Steamed Rice Cake – NYT Crossword June 30 2023 Answers


NYT Crossword June 30, 2023 Answers Welcome to the answer page for the New York Times crossword puzzle published on June 30, 2023, with the clue “Steamed rice cake.”

Rice cakes come in many different forms – sweet and savory alike, some even being native to specific regions.


Tteok are Korean cakes typically prepared from glutinous rice flour (maebssal or chapssal). Other ingredients may include wheat flour, beans such as mung or azuki beans, sesame seeds, starch, fruit, or vegetables. They are generally steamed before being garnished with various sauces and vegetables before eating as snacks or desserts.

Vietnamese banh duc is a type of non-glutinous rice cake often eaten for special occasions like Tet, the Lunar New Year, or other special events. It features flavorful ingredients such as ground pork, tom chay (bean sprouts), scallions, mung bean paste, toasted sesame seeds, salt, lime juice, and fish sauce – very much similar to its more common cousin: banh tet.

Chwee kueh, popular in Malaysian and Singaporean cuisines, is a bowl-shaped steamed rice cake that can either be sweet or savory in flavor, often featuring diced preserved radish as the garnish and served with chili sauce. This is similar to other bowl-shaped steamed rice cakes found elsewhere, such as Taiwanese or Chinese cuisines.

Puso rice cakes are a prevalent type of snack or main course that is commonly eaten around the world. Constructed using glutinous rice cooked inside woven pouches decorated in various patterns, their filling is not boiled before being added to the cakes; instead, it is stuffed inside them like traditional Chinese dumplings like Jiaozi.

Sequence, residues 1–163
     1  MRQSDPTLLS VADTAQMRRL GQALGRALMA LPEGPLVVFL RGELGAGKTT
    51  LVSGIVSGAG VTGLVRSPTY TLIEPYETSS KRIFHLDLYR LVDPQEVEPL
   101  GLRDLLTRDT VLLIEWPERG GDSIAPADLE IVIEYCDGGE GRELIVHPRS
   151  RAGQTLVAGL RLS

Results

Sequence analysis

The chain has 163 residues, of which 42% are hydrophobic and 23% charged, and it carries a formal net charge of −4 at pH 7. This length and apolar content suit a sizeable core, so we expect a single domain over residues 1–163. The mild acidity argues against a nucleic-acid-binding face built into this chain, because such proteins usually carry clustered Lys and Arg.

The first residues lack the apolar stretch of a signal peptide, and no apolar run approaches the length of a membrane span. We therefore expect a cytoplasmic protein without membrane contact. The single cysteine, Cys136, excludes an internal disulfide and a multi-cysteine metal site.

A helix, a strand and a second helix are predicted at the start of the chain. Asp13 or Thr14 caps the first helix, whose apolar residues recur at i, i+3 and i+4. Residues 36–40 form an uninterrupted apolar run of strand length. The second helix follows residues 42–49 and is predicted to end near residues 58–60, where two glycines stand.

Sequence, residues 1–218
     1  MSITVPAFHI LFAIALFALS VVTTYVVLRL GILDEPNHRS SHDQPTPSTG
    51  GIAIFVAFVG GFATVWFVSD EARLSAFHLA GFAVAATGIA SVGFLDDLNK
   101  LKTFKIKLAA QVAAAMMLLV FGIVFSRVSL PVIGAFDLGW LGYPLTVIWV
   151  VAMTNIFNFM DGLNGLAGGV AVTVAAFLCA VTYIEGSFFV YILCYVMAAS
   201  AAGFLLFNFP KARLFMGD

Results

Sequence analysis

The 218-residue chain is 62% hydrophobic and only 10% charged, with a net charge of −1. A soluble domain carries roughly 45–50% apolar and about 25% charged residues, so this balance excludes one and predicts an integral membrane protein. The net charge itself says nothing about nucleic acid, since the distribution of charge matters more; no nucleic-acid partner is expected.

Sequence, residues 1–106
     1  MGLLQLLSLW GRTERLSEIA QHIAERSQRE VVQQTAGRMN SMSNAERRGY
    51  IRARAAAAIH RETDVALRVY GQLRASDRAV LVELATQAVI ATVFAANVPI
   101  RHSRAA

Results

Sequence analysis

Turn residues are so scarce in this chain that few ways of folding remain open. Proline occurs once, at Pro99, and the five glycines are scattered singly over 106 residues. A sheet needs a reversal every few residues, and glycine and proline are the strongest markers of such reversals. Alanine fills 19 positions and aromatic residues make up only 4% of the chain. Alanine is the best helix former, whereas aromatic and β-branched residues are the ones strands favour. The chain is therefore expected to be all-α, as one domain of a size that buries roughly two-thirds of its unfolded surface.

Other examples of Asian steamed rice cakes include Vietnamese banh tet and banh chung, which resemble tteokbokki in that they’re cylindrical-shaped and filled with meat or vegetables, while South Indian cuisine boasts idlis as firm cylindrical made with black lentils and rice combined in an equal ratio for steaming.

Other famous steamed rice cakes from Shanghai and the Philippines include Song Gao (sweet puffed rice cakes with azuki beans embedded within) and Tangyuan. Puffed rice has become an integral ingredient in Western countries for use in recipes for cookies and snack foods; its production involves heating grains under pressure to produce thin sheets that can then be used in numerous food products.


Vegetables (or “veg,” as it’s more commonly known) are edible plant parts used for food consumption. Vegetables provide low levels of fat while being an excellent source of fiber, vitamins, minerals, antioxidants, and energy – they even make for delicious snacks! Nutritionists advise eating at least five servings of vegetables and fruits every day, either raw or cooked!

Vegetables are an essential part of a balanced and nutritious diet for vegetarians and vegans, providing essential minerals, vitamins, and amino acids. Some examples include leafy greens like kale and spinach; root crops such as carrots and potatoes; tubers such as cassava root and yam; stem veggies such as broccoli or leeks; fruiting veggies such as tomatoes or courgettes; and seeds like peas and beans.

When purchasing vegetables, it is wise to shop locally and in season for optimal freshness and nutritional benefits. Furthermore, these will likely taste better and be cheaper than imported varieties.

How we define vegetables can differ based on both culture and language. A recent study demonstrated this by showing how differences in terminology between English and Spanish speakers led to drastically varying interpretations of what constitutes vegetables – for instance, while many Americans consider tomatoes to be part of their vegetable intake, many Spanish speakers did not share that viewpoint.